Mental Health Nursing with Fiona

Third year Mental Health Nursing student Fiona Mair reflects on her time on placement in Kathmandu, Nepal.

"This experience has made me very grateful for the standard of care we take for granted here."

My name is Fiona Mair and I am currently in the final year of my Bachelor’s degree in Nursing (Mental Health) at Edinburgh Napier University. 

As part of my studies, I had the opportunity to travel to Kathmanda, Nepal with Work the World and undertake a two week placement on the Psychiatric Ward at Tribhuvan University Teaching Hospital. I chose Nepal for this placement opportunity as I was interested to see how cultural and economic differences impact the perception and treatment of mental health.

My Role on Placement

During my time at Tribhuvan University Teaching Hospital, I attended daily ward rounds with other nursing and medical students. I was also able to get involved with daily group therapy sessions, despite my very limited Nepali. Group therapy was always facilitated by the student nurses and it was my favourite part of the day. 

We gathered in a circle and patients took turns to share a skill, like singing a song or leading a meditation. On one occasion, a patient had prepared a reading in English especially for me, which was really touching. 

I also assisted in taking a patient down to theatre for Electroconvulsive Therapy (ECT), which is used more frequently in Nepal than it is in the UK. Watching the cannula being inserted and anaesthetic being administered in the corridor outside the operating theatre highlighted the lack of facilities in Nepal.

What I learned

My time on this placement really taught me the importance of non-verbal communication. I have very limited Nepali, and the patients rarely spoke any English, but I was still able to have meaningful exchanges with them. 

In mental health nursing, communication is a critical skill, especially when patients are distressed and therefore struggling to put things into words. I also saw the important role that family can play in calming and supporting patients in tough moments.

Going on this placement meant that I was able to understand the principles behind the care being delivered on the ward. Everything I had learned at University gave me a good grounding in the diagnoses that I saw, which enabled me to compare the treatments used in Nepal with treatments we would use here in the UK.

My biggest highlights

I was pleased to see ECT being performed as I haven’t been able to accompany a patient in the UK. I also really enjoyed the relationship I developed with some of the nurses and student nurses.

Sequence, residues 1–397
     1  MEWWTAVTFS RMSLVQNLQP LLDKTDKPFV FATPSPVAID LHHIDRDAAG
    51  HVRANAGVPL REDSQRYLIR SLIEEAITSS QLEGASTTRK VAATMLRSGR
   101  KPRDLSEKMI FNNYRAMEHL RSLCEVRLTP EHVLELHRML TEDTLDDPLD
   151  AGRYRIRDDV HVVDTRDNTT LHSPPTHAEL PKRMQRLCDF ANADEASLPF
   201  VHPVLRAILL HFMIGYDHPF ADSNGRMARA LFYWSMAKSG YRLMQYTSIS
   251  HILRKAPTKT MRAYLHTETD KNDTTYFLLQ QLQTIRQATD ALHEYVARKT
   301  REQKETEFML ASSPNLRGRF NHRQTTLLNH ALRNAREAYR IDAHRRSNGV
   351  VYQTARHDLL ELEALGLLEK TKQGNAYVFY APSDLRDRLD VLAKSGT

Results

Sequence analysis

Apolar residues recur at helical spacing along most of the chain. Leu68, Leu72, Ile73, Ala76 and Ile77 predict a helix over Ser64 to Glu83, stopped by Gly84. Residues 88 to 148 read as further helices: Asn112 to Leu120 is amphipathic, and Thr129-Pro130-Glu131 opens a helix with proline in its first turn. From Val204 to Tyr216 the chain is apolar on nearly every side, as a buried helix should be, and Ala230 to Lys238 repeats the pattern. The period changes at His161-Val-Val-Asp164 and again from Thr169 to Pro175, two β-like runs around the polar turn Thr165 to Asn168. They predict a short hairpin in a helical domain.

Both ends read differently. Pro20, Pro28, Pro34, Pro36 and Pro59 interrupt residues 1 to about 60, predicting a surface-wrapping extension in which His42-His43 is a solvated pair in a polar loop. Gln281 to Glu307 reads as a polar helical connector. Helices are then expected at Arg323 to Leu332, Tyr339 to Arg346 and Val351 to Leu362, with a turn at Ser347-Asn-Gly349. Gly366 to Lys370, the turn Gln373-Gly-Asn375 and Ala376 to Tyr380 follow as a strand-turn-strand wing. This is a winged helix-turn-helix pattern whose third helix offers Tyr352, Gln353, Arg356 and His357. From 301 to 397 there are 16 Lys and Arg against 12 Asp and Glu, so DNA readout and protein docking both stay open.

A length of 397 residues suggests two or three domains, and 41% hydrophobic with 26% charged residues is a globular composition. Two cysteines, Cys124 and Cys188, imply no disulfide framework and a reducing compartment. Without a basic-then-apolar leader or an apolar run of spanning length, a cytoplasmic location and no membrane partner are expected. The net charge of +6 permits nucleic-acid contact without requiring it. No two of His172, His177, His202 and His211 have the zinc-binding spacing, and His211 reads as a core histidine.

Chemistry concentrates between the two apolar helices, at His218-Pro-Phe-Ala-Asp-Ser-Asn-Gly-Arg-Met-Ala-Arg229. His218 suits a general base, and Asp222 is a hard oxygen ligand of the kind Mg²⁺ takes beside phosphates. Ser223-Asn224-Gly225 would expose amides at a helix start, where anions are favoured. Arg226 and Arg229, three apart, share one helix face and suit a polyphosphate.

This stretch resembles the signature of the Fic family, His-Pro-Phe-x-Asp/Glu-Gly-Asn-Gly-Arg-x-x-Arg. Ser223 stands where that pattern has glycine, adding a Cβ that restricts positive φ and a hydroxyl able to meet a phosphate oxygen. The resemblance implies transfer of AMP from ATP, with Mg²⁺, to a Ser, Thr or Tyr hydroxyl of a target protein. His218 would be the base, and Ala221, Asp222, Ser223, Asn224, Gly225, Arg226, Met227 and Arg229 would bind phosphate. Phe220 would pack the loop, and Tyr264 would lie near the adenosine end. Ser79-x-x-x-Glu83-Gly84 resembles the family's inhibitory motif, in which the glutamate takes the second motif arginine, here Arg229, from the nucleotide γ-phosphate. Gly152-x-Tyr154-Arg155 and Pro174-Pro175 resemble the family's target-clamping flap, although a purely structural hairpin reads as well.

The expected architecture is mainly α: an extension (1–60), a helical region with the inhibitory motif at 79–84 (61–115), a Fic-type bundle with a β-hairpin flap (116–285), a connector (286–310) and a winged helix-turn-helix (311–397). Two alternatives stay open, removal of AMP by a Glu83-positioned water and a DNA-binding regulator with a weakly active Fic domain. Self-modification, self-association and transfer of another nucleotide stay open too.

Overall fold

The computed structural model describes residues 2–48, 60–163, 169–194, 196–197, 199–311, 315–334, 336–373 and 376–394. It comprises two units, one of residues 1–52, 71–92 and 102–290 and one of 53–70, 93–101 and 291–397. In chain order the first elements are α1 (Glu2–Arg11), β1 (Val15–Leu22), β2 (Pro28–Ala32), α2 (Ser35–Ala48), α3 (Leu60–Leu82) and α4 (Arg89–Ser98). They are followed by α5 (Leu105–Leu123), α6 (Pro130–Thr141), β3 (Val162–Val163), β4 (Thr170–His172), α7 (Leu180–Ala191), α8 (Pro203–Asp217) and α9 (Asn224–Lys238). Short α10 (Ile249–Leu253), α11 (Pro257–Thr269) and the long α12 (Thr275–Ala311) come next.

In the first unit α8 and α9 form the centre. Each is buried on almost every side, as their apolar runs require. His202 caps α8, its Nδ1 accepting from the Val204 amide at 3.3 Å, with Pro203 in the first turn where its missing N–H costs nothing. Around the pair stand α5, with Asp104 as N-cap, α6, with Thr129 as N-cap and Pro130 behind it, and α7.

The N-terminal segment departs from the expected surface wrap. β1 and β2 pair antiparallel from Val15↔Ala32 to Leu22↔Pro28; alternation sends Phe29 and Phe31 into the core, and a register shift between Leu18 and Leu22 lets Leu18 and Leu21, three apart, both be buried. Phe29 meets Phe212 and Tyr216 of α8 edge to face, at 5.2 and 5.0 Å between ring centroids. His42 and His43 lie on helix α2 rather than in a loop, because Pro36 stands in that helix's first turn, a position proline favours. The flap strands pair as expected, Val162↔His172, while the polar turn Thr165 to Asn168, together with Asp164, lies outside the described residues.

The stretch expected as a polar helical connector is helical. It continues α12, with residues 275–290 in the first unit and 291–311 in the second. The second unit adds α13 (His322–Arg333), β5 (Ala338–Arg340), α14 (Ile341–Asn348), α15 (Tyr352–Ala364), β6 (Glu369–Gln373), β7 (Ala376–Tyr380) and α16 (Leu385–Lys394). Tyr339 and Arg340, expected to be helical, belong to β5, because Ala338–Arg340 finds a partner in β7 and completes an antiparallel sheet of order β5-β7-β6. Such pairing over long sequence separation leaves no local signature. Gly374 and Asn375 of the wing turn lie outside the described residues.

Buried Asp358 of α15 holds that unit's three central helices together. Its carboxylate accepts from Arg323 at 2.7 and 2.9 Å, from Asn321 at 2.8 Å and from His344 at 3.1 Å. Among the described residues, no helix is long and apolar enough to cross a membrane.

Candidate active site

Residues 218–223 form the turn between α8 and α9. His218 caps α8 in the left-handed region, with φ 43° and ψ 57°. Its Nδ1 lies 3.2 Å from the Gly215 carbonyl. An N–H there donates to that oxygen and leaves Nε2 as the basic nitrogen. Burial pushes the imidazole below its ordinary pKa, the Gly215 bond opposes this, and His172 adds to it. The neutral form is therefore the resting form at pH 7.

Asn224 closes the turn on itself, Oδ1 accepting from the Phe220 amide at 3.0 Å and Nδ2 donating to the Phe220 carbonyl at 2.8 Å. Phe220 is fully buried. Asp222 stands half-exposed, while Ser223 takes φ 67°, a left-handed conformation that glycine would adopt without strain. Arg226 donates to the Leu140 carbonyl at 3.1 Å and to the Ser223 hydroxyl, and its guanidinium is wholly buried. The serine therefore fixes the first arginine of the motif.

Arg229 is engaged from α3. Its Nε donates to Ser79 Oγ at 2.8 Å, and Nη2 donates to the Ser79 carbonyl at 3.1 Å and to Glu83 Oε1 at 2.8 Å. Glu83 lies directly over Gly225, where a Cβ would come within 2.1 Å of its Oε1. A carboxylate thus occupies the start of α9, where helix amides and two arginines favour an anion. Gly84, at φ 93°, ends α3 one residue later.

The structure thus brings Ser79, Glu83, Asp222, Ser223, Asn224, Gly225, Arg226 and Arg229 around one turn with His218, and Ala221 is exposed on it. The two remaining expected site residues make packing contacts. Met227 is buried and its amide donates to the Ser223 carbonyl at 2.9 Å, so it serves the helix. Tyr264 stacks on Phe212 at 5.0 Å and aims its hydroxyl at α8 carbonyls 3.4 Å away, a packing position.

Outside of the work I was doing, travelling to Nepal was amazing. I met some great people in the Work the World house and we were able to make the most of our time away from the hospital to see the sites in Kathmandu, as well as going to Pokhara for the weekend.

A great opportunity

I would absolutely recommend these placements to other students. It is a great opportunity to visit another country and experience their culture in a way that you could never achieve as a tourist. 

You meet some amazing people, both on placement and in the Work the World house. As the other students also come from a variety of countries, you learn about healthcare in a whole range of places through them. You see ways of working that are so different from home, in both good and bad ways, and that can’t help but be a benefit to you as a student nurse.

My advice to others considering a placement like this would be to find a way to make it happen. It’s not a cheap thing to do, but there are ways to raise money to support you in going. Think carefully about where you’re going and why you want to go there.

You’ll have plenty of time outside of placement to go exploring, so choose somewhere that excites you. Take advice from Work the World about which locations will be best for your area of specialism and what you want to achieve while you’re away.

What’s next?

I’m hoping to work in community mental health nursing when I graduate. This placement experience has made me very grateful for the standard of care we take for granted here. It puts the pressures on the NHS very much in focus.

Fiona completed her final year placement with Work the World.  

For more details visit: www.worktheworld.co.uk